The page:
Friday, June 2, 2023


RV parks, campgrounds, perform background checks on RVers; RVers must pay

“Can you believe it?!” Robin searched the faces of folks gathered around the campfire. “It will cost me twenty dollars for the Florida campground to run a background check on me! Whoever heard of a ridiculous background check for camping!” Have you heard of RV parks performing background checks?

It was something new to my husband and me. But other folks around the fire acknowledged they’d also experienced this phenomenon during their travels. “It’s pretty common,” Jake said. “Especially if you plan to stay for an extended period of time.”

“I don’t blame campgrounds,” Mike added. “We’ve camped in places where I kinda’ wished they’d have run background checks on some of my neighbors!” He chuckled and indicated the three families who were caravanning with him.

The conversation got me thinking: When did campgrounds begin the practice of running background checks for potential campers? Why do campgrounds do it? Do campgrounds ever refuse folks based on the outcome of these checks? What kind of personal information must a camper provide for the check? How can I trust that my information will not be compromised?

When did RV parks begin background checks?

It’s hard to determine exactly when background checks for campers started. Most folks around the campfire estimated checks may have begun as early as ten years ago. “I remember the first time,” Mike noted. “I was surprised and, I’ll admit, a little offended, too. We wanted that RV park, so we paid for the background check.”

Who does this?

Robin’s frustration resurfaced. “This has never happened to me before. And the deal is, I’ve stayed at the same park for the past several years! Now, all of a sudden, they need to run a background check on me?! I still think it’s ridiculous!”

“It’s usually done for folks reserving an extended stay,” Mike explained. “Although I’ve seen it done for shorter visits, too.”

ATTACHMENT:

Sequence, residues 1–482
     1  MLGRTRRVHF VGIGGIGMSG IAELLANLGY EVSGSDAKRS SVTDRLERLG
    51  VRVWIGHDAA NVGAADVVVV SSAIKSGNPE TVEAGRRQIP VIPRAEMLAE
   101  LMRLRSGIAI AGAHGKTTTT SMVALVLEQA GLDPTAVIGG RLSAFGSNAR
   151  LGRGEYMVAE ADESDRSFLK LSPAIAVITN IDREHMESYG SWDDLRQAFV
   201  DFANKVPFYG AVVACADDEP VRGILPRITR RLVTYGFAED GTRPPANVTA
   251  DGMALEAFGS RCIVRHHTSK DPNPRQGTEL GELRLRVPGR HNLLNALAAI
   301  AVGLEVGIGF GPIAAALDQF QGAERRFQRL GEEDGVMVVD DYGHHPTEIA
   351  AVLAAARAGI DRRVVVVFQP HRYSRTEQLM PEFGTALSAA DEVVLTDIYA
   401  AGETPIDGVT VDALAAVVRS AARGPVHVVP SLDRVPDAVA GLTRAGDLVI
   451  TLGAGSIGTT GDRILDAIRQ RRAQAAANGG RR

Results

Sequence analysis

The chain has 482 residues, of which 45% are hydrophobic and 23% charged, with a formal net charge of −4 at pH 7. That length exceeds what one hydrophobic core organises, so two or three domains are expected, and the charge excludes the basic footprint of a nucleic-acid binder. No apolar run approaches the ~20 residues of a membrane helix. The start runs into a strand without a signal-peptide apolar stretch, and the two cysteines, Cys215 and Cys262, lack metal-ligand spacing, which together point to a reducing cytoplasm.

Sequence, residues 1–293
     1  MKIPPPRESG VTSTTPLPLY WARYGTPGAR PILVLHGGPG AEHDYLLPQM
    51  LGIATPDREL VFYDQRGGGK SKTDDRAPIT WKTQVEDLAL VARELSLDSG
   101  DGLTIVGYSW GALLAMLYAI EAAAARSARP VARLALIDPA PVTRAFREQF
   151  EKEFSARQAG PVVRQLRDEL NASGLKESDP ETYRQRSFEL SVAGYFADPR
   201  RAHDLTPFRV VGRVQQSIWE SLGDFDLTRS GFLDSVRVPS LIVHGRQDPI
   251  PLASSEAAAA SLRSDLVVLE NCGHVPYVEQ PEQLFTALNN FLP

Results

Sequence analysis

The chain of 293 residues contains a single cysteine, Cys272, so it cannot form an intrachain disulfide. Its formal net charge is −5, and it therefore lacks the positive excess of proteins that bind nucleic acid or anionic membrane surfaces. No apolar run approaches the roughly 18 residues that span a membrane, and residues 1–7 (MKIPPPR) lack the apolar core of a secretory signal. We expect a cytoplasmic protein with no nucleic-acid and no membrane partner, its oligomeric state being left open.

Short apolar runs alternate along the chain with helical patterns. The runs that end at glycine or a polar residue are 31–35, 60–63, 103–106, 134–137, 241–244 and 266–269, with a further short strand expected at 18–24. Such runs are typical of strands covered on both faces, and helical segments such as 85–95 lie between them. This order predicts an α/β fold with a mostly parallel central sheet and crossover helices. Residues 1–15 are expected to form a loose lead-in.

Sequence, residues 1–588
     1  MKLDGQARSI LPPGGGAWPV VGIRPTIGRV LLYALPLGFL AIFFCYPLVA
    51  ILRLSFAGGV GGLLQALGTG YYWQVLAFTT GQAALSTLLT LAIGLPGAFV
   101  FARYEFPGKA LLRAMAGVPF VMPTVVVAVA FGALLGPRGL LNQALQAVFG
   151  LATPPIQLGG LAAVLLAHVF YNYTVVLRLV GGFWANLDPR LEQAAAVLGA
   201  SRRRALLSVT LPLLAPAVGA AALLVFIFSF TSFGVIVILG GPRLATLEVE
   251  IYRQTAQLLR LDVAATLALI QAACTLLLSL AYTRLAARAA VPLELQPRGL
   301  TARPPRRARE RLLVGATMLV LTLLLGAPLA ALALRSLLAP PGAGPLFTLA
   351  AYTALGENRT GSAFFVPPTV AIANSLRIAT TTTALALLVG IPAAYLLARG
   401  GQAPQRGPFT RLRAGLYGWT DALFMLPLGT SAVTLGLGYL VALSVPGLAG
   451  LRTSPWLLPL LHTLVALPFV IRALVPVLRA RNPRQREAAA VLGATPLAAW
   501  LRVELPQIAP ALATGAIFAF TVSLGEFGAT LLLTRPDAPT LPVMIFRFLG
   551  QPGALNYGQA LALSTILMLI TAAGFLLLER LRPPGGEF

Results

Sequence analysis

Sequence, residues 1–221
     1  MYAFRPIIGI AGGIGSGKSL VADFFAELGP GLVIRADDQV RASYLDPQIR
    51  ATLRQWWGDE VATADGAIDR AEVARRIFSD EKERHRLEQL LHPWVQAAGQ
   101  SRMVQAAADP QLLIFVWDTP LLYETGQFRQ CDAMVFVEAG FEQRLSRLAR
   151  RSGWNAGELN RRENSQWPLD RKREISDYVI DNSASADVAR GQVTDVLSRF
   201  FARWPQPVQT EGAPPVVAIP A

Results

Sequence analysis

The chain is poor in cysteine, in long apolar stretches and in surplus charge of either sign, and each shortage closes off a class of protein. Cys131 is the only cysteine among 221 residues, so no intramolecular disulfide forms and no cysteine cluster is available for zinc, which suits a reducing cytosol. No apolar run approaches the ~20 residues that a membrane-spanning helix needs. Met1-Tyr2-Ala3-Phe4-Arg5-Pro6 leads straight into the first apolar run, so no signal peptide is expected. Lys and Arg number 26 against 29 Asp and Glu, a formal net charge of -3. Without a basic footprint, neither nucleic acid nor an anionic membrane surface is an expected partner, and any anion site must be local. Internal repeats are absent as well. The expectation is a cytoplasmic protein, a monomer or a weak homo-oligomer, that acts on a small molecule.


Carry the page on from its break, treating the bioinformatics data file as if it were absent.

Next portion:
Other RVers agreed. Campgrounds in southern states like Texas, Arizona, and Florida often host RVers for months at a time. Even though I hadn’t personally witnessed the background check practice, others around the campfire agreed that checks weren’t that unusual for long-term stays.

Why do it?

RV parks are responsible for ensuring their guests’ safety. A background check can potentially save a park owner from heartache and potential lawsuits if folks get hurt or RVers’ property is damaged or stolen.

In addition, RV parks need to protect what they’ve worked so hard to build and maintain. Keeping the campground clean, safe, and welcoming is an important park responsibility.

I talked to a local RV park owner near my stix-n-brix home. Their policy states: “Our campground will not admit any person who may endanger a camper and/or property based on the results of a criminal background check.”

Another reason RV parks may require a background check has to do with eviction laws. In some states, people who reside in a place for 30 days are considered “tenants.” If a problem arises, the campground may have difficulty removing the problem camper from the campground. By taking a proactive step (the background check), park owners may reduce a high-risk liability from tenants who may prove problematic.